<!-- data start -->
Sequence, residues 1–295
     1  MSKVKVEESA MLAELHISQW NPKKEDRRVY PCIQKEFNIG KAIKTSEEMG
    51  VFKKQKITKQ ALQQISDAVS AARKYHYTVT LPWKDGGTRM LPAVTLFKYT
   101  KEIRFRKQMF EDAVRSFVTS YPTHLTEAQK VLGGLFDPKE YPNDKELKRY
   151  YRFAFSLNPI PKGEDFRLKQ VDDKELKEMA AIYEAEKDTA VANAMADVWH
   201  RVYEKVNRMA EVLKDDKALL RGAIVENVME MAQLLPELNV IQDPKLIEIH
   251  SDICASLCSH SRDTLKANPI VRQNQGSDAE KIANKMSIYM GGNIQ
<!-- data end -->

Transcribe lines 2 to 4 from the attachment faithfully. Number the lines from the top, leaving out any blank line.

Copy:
     1  MSKVKVEESA MLAELHISQW NPKKEDRRVY PCIQKEFNIG KAIKTSEEMG
    51  VFKKQKITKQ ALQQISDAVS AARKYHYTVT LPWKDGGTRM LPAVTLFKYT
   101  KEIRFRKQMF EDAVRSFVTS YPTHLTEAQK VLGGLFDPKE YPNDKELKRY